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The White Horse Thing

The White Horse Thing

Retro styled man

“A prince rarely arrives on a white horse. You’ll recognize him all the same.”

Excerpt from Jane Austen Girl

. . .Grier never wanted to move. It made absolutely no sense, but not once in her life had she ever found herself in a place that felt like it was the only place she’d ever been meant to be. Here in the circle of Bobby Jack Randall’s arms.

Her hand lay pressed to the center of his chest even though she had no memory of putting it there. She only knew she didn’t want to move it. He rubbed his thumb across the top of her shoulder. Something about the simplicity of his gesture broke down the wall of need inside her, and she lifted her face to his. “Would you please kiss me, Bobby Jack?”

“Grier. We both know this isn’t a good idea.” His voice was rough at the edges, as if it wasn’t easy to say what he’d just said.

“Would you do it anyway?”

He hesitated for a second during which she thought he would simply say no. But then he made a low sound of defeat and sank his mouth onto hers.

The kiss was unlike any she had ever known. Grier thought maybe this was what the princess in all those fairy tales felt like when the prince finally kissed her and brought her back to life.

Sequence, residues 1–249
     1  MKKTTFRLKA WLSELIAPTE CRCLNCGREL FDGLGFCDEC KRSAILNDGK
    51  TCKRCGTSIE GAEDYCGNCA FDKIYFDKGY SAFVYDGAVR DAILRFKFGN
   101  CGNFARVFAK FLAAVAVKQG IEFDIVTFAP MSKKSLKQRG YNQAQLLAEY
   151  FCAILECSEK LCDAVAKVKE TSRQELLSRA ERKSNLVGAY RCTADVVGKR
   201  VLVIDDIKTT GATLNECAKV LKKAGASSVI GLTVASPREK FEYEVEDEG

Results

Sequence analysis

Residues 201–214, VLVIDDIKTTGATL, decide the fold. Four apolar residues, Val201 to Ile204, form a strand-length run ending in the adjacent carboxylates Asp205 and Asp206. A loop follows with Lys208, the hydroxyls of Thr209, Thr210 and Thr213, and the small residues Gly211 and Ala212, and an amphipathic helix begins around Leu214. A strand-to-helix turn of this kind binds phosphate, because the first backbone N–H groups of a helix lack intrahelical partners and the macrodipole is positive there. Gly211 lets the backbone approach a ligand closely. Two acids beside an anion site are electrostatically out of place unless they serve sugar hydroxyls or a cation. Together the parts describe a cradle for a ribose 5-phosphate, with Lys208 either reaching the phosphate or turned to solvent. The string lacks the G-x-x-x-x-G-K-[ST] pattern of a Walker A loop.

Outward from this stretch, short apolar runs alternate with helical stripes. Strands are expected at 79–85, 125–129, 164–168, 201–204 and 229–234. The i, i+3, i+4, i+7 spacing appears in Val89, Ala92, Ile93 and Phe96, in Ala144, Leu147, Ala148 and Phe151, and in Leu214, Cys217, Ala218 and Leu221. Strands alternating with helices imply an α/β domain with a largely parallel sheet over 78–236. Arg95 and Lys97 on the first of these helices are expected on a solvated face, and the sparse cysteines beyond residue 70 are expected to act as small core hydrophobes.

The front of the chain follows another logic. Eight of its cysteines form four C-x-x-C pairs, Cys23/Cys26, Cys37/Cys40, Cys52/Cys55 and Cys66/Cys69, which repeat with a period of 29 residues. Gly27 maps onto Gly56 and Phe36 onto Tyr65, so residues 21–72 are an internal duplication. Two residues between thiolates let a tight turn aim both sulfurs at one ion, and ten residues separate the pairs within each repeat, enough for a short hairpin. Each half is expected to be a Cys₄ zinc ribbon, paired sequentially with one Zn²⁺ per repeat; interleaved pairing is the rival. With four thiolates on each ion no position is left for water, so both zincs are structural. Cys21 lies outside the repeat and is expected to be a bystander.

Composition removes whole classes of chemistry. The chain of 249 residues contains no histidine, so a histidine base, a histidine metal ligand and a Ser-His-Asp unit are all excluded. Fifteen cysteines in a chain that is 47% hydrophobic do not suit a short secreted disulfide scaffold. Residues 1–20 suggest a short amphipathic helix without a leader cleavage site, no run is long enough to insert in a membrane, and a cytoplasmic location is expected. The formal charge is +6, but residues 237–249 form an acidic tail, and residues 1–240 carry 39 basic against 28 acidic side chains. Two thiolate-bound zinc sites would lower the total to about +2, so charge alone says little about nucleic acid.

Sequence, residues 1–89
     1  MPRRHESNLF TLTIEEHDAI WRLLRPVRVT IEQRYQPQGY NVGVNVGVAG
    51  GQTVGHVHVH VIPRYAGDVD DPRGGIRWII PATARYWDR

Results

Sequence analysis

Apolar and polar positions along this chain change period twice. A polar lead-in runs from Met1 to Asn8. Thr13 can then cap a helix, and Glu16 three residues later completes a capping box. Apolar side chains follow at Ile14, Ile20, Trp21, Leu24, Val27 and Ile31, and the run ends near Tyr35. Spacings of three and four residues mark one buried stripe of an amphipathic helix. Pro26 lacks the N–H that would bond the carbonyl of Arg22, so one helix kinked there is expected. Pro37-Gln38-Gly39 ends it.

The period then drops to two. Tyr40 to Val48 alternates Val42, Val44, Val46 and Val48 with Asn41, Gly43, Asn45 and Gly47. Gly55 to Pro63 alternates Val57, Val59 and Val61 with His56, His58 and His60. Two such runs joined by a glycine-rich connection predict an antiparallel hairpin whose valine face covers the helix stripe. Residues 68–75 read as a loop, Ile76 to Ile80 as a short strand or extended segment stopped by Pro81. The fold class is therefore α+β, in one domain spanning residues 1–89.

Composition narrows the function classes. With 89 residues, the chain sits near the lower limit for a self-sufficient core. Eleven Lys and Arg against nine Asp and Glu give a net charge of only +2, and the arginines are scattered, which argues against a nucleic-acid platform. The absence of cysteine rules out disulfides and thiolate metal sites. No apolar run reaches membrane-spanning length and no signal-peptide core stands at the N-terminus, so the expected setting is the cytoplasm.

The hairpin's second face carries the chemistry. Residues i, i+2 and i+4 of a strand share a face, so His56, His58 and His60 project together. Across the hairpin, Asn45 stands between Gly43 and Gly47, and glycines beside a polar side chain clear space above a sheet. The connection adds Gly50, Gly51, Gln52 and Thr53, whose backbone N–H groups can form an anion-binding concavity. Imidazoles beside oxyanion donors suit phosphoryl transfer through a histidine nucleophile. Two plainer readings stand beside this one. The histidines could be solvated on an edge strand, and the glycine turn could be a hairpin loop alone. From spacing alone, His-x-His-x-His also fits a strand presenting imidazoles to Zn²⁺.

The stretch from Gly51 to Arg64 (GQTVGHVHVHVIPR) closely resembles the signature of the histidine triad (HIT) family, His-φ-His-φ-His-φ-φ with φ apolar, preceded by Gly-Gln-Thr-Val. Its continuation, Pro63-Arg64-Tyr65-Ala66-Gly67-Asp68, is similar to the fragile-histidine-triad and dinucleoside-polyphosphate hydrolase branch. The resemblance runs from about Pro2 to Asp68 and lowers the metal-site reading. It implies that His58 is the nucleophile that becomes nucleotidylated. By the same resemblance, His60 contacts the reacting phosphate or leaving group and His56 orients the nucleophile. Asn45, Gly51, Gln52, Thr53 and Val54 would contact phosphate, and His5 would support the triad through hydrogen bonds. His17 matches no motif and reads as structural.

Because that’s what Bobby Jack’s kiss did for her. Filled her with helium-like happiness so that she turned into him and looped her arms around the back of his neck, seeking any way at all to get closer to him.

He made another sound of defeat and slipped his hands under her arms, lifting her quickly, deliberately, onto his lap. They kissed like that for minutes on end. Two people who hadn’t realized their thirst for one another until now. . . .

Buy contemporary romance Jane Austen Girl here.

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I love books! From my earliest memories, I loved being read to and then reading practically every book in my elementary school library. There’s something about taking a little trip into a wonderful story that is its own unique pleasure. Over the years, my favorite authors have provided me with glimpses into worlds I would never have known had I not picked up their books. From Beverley Cleary to Lavyrle Spencer to Jodi Piccoult to Anita Shreve and so many others, I am grateful they chose to become storytellers. A great story has the power to move, change and shape its readers. To me, that’s an honorable calling and a task I aspire to.


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